3) Does your current role allow for flexible or remote working? If so, how does that fit into your life and routine?
Absolutely, in the day I’ve just listed, I worked from cafes and clients offices all day and I find that working remotely enables me to focus and get into a groove for ‘deep work’.
We’re pretty flexible as a business, and having offices in London, NYC, Melbourne & Sydney, we’re able to work from any other office if we’re visiting. We’re also WeWork members, which is great – especially if I’m travelling around Europe or the US and need to be online.
I currently don’t have children, so it’s more a lifestyle benefit than a necessity for me, however I find it difficult to stay in an office at a desk all day as I get distracted around a team quite easily, so having the autonomy to work from anywhere, but the ability to still come into the office and work amongst the buzz of the team is a great balance.
4) Do you have any tips, tricks or shortcuts to help you manage your workload and schedule?
It’s definitely taken a while for me to figure out what works best for me to keep on-top of things. I have a super busy work and social life, and I try to travel frequently so it’s important I stay organised.
A few things that work for me:
I diarize everything in one place – for me, Google Calendar is my go-to and I love the fact it automatically sends me notifications so I’m always reminded of where I need to be.
I recently discovered the concept of ‘Deep Work’ and blocking out time in your diary to focus on the really important things and get them done. For this, I like to switch off all notifications, plug into a good Spotify playlist (Deep House Relax is my fave for getting into a really good headspace), and usually take myself away from the office to avoid all distractions.
Google Keep is a great way to curate to-do lists for different projects, and you can pin your high priority lists so they don’t go unmissed. You can also invite others into these lists for consistency in collaboration and ongoing agendas.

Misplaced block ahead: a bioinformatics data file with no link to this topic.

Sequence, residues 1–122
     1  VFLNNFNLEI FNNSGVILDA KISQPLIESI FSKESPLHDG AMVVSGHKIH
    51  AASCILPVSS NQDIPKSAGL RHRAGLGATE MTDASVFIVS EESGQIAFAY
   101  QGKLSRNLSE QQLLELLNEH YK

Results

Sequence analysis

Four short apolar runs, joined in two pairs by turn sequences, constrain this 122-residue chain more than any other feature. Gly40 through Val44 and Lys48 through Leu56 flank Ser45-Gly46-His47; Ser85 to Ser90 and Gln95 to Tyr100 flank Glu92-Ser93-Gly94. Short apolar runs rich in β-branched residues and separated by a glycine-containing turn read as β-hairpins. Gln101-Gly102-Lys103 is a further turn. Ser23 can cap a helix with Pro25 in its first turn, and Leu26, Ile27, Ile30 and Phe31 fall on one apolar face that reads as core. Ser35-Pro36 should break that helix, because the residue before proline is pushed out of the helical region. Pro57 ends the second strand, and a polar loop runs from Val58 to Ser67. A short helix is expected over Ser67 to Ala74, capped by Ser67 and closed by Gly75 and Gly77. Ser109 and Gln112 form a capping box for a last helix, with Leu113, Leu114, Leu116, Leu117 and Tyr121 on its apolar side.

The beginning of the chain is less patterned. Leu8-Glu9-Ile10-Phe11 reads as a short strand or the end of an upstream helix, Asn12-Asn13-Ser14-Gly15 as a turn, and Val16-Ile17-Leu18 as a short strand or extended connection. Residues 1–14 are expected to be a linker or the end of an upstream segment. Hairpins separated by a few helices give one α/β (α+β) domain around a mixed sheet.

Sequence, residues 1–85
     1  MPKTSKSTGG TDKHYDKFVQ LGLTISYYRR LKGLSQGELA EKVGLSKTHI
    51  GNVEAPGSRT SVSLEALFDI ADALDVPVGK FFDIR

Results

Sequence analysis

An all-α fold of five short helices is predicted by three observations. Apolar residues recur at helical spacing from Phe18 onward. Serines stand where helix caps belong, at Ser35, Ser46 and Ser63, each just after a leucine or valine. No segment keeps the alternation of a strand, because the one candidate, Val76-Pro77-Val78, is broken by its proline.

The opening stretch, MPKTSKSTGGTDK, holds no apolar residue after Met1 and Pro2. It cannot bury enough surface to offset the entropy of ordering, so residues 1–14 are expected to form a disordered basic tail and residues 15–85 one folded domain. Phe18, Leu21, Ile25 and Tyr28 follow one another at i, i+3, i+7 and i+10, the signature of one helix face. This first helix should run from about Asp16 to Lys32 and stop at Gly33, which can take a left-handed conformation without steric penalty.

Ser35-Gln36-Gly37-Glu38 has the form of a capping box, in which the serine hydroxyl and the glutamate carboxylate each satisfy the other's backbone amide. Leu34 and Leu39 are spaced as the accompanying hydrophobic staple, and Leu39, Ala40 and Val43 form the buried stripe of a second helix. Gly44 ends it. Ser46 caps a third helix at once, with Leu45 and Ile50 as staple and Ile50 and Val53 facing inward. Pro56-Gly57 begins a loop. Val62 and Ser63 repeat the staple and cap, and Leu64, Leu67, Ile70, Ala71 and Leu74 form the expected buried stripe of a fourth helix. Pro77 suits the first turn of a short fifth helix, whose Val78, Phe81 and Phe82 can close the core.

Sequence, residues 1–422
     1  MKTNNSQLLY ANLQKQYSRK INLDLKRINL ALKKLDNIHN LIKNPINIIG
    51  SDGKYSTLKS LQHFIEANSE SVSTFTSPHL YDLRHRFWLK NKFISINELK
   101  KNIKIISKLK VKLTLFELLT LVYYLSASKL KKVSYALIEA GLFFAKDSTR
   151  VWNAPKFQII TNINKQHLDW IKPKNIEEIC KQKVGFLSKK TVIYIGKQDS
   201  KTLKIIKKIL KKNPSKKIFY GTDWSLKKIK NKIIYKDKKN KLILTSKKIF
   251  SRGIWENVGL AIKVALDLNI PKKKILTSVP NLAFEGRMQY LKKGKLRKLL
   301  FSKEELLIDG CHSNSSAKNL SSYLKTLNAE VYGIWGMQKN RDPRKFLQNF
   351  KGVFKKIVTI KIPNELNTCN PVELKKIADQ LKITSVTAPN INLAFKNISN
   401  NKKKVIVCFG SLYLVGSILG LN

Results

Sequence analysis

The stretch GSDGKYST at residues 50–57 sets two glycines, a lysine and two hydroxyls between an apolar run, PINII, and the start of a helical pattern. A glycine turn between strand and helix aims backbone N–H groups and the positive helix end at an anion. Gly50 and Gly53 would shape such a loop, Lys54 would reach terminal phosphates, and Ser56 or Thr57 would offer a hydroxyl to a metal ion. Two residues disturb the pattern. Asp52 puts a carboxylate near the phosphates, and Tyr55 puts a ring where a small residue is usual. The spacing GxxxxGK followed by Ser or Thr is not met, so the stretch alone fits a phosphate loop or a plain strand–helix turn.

I note everything digitally (both personal and work-related notes) in my apple notes app. This makes it easy for me to reference back and quickly search for previous notes (it’s also much better for the environment!).
However, I’m learning that in order to optimise your productivity you really need to invest the time and effort to learn about and try new methods and see which work best for you personally – this is so unique to each individual and will be ever changing so it really is an ongoing investment to yourself.
5) What does work-life balance mean to you and how do you work to achieve that goal?
For me, work-life balance to me is about having the combination of being highly productive, having positive energy around me and space for myself and my loved ones consistently – not burning out and then taking time out to recover (which I used to be massively guilty of).
Some things that have helped me:
Taking care of my physical and mental health – I work out 3-4 times a week and try to eat a relatively clean diet most days of the week. Meditation, especially sleep meditation, has completely changed my life over the last year and I couldn’t recommend it highly enough.
I use the meditation app Calm, which has great ‘Sleep Stories’ for adults and different sleep meditations that send me into a great quality sleep every time. I also use a sleep app to monitor the quality of my sleep each night.